Apple gave factual data on where Qualcomm went wrong-withholding a specific amount of money owed-out of spite. 

    Qualcomm then spins a web to connect all their woes to Apple. 

    When that hat is the best they can do, you already know who stands where. 

    Its going to to end poorly for Qualcomm. 
    Agreed but why would Apple have agreed to the terms in the first place?  Why is this only surfacing now, 6 years later?  There's always more to these things than might first appear.  Not quite sure how anyone can reach any conclusions with the limited amount of information available three days into this going public.
    gatorguywatto_cobra
  • Reply 11 of 21
    davidwdavidw Posts: 970member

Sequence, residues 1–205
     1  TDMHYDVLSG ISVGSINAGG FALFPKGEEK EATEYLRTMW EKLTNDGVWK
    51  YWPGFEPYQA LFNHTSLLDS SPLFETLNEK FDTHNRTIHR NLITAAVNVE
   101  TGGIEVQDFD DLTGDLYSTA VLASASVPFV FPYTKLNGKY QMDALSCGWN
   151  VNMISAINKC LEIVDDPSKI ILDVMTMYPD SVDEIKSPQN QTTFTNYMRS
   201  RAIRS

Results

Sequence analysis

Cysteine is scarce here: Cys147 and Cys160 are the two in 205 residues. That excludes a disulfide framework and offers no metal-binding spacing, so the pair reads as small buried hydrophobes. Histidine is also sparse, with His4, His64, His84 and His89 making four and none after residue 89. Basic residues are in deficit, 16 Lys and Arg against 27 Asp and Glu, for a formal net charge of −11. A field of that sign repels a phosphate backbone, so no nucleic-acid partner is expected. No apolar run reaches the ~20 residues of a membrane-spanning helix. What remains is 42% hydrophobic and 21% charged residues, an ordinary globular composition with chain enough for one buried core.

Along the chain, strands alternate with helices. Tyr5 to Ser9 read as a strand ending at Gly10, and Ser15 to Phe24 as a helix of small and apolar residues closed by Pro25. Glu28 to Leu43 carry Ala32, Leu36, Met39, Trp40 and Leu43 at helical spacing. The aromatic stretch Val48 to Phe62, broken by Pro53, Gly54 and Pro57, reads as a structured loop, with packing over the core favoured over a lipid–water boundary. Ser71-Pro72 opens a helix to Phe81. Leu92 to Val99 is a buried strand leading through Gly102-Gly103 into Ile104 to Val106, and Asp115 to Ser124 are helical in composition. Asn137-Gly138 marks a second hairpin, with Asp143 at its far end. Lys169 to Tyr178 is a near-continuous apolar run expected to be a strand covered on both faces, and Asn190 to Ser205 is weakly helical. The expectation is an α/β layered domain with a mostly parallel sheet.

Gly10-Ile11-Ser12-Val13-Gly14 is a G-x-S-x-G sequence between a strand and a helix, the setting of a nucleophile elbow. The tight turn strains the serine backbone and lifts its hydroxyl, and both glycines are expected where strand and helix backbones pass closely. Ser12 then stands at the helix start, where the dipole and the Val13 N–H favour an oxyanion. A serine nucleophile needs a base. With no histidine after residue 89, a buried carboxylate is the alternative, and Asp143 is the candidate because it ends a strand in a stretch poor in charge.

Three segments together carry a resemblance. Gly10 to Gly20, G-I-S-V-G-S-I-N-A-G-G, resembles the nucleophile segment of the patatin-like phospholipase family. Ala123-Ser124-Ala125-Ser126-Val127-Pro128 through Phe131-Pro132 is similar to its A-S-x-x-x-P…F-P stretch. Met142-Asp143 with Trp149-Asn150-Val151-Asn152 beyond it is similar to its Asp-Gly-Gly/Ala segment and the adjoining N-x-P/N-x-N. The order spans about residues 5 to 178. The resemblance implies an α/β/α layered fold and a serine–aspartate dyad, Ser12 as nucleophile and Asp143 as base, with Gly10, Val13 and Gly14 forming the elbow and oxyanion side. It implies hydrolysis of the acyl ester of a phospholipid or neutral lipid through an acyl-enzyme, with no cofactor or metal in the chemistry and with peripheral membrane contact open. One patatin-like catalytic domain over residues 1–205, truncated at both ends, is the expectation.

It sounds like a great novel, but reported n the news earlier is Apple is throttling the speeds on Apple phones featuring Qualcomm Chips. In addition to that, I happen to know several people that switched to Verizon because the iPhone 7 with intel chips performed poorly; and would drop calls in areas iPhone 6S didn't. This sounds like a better product which is likely protected by patented ideas or design. Qualcomm can justify it's price it's a better performing product just like a car manufacturer can charge more for a design that is faster. What we know for a fact is that Apple wants $1,000,000,000.00. Could they actually be forecasting a $1B loss in company value or sales..? We all know that Apple doesn't release products with a lower price point. When my iPhone 6 Plus (with a Quallcomm chip) started wigging out, and turning off when it had a 30% charge, I just decided to get a new battery because Qualcomm chips are better when talking to my friends.